I would like to say...that we have to bring about a readjustment of consumption in the country to the amount of consumers goods and services that we can spare the resources to produce under war conditions. First, we have got to devote our productive energies to the war.
Or, you can use the mechanism of the sales tax, as far as I can see, by mopping up the increased purchasing power that is created by the rising amount they receive in their paychecks. On the other hand, if the money is stored up, whether it is in the form of these stamps or in the form where people haven't spent it because they have had no way to spend it, in either case if it is too large a proportion you are going to have the problem, whenever you do turn it loose, that you have now in the other case, namely of having a lot more purchasing power than you have goods and services to make it good with.
That is the answer, I think, to the question that might be raised as to why not carry this principle through and apply it to income tax, corporation tax, and everything else. Obviously, this has the advantage that this definitely sews up the purchasing power in such a way that it cannot be released until we discover the proper way to release it.
I think it has a great advantage over the deficient spending program. This program just postpones the problem of administration, in deciding how much purchasing power is available to release and to what extent it will create the old wartime inflation over again."
Senator Danaher: "Let me ask you this question: Considering the withholding tax, simply the treasury withholds it currently and applies the proceeds against the tax due in a given year..."
Mr. Hardy: "The deduction from salaries and interest, and so on, at the source?"
Senator Danaher: "Yes."
Mr. Hardy: "Yes."
Senator Danaher: "That is a currently applied method of withholding so much of the consumer purchasing power as is represented by the tax collected or withheld."
Mr. Hardy: "That is right."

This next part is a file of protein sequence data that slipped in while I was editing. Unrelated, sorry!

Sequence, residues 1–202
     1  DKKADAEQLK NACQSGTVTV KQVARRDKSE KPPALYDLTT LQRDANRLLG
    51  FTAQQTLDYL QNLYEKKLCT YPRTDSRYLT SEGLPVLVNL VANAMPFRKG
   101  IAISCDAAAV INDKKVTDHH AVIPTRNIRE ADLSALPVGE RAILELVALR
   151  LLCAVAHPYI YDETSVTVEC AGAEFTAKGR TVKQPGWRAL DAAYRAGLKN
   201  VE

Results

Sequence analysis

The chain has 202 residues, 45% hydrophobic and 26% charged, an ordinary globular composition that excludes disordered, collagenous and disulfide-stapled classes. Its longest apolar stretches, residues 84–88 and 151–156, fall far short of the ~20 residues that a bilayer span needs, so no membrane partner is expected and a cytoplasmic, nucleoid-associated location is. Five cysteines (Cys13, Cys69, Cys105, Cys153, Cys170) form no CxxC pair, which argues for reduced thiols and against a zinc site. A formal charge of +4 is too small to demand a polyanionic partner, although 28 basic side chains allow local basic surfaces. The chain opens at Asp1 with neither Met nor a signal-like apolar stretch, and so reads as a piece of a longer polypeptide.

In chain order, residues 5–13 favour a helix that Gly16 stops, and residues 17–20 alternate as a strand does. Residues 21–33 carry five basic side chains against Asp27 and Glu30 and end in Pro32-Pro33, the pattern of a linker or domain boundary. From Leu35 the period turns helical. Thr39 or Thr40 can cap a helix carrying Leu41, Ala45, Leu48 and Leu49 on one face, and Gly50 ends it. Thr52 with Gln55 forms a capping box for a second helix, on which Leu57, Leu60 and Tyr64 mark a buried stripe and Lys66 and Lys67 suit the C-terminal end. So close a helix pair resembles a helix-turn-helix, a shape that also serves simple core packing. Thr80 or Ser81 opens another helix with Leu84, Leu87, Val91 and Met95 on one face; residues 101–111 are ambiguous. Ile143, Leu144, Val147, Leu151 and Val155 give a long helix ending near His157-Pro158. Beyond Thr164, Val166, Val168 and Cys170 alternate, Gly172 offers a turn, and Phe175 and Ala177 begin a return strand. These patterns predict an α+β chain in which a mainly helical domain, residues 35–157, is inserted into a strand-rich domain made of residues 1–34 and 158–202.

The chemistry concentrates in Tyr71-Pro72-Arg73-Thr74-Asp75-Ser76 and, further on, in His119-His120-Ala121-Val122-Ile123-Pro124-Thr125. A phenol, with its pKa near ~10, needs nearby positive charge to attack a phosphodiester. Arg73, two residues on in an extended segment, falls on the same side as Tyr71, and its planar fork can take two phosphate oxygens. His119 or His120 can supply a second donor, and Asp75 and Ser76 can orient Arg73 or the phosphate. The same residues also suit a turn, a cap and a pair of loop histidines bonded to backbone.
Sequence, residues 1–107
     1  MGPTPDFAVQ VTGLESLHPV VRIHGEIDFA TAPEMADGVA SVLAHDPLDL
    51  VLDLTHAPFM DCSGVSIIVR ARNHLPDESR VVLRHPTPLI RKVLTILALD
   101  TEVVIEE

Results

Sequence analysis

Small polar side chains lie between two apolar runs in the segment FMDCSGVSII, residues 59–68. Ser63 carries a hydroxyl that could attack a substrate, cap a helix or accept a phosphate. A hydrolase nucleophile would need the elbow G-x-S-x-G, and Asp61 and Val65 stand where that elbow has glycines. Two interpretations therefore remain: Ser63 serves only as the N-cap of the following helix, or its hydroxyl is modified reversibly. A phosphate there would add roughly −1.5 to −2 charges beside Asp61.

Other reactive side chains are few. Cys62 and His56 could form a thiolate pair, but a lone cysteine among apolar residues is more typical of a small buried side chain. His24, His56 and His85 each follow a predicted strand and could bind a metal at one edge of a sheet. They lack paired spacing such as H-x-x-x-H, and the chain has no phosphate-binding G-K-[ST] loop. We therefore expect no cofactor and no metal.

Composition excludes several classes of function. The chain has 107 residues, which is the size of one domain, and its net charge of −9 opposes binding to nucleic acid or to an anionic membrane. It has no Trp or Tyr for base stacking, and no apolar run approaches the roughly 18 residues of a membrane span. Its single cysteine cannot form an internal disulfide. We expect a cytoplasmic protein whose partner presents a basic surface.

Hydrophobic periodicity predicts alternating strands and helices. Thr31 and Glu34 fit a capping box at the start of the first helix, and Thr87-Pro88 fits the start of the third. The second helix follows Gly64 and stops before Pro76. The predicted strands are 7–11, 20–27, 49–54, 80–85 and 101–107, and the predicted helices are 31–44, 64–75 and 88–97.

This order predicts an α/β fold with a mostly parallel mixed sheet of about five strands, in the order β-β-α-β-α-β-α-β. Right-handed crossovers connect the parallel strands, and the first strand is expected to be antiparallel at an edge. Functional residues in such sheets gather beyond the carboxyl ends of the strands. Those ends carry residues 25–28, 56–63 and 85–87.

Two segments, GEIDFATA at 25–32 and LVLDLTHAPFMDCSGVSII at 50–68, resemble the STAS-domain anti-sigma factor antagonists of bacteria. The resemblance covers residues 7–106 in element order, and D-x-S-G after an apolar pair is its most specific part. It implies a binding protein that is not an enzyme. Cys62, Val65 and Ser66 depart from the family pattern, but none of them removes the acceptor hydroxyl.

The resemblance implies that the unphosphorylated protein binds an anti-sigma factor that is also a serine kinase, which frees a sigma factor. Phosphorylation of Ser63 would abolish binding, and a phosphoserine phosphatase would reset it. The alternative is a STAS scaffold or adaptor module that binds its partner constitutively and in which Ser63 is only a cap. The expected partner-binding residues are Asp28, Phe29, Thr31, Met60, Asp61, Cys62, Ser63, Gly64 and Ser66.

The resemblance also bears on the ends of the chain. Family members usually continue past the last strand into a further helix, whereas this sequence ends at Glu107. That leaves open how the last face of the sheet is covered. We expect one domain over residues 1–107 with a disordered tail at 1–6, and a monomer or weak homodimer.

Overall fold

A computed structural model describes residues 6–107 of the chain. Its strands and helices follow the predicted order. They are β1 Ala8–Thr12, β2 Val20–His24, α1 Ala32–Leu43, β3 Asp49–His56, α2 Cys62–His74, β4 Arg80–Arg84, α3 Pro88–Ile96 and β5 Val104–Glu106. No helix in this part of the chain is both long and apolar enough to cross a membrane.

Senator Danaher: "And the applied as against the tax due."
Mr. Hardy: "Yes. The withholding tax provision has the effect of withholding purchasing power at the time the income is realized rather than a year hence through the income tax structure."
Senator Danaher: "And if it were in effect for 1 year it would apply only 1 year?"
Mr. Hardy: "I assume so."
Senator Danaher: "Yes. Whereas this proposal is a continuing thing."
Mr. Hardy: "It seems to me the essential difference is that the withholding tax plan applies at the point of receipt of income, and this applies at the point of expenditure of income."
Senator Danaher: "Of course, you withhold not only from taxpayers but nontaxpayers."
Mr. Hardy: "Yes. Some people that I talked to about this plan, Federal Reserve people, have been rather favorable to the idea."
Mr. Jacobstein: "Don't you want to add that Mr. Selko pointed out that such difficulties as are encountered in the States are, partially at least, overcome when you have a uniform Federal tax? Where you have a uniform tax all over the country by one administration, the Federal Government, it is easier to administer than a sum total of 48 states. Now that was Mr. Selko's conclusion."
Statement of Milton Friedman, Division of Tax Research, Treasury Department
Senator Danaher: "I have only one other thought on that point. In the event of withholding from the owner of stock and no taxes due ultimately, where does he get his refund?"
Mr. Friedman: "You thinking of a corporation or an individual?"
Senator Danaher: "I am talking about an individual."
Mr. Friedman: "An individual will file an income tax return, and that income tax return will constitute an automatic claim for refund." End of document excerpts.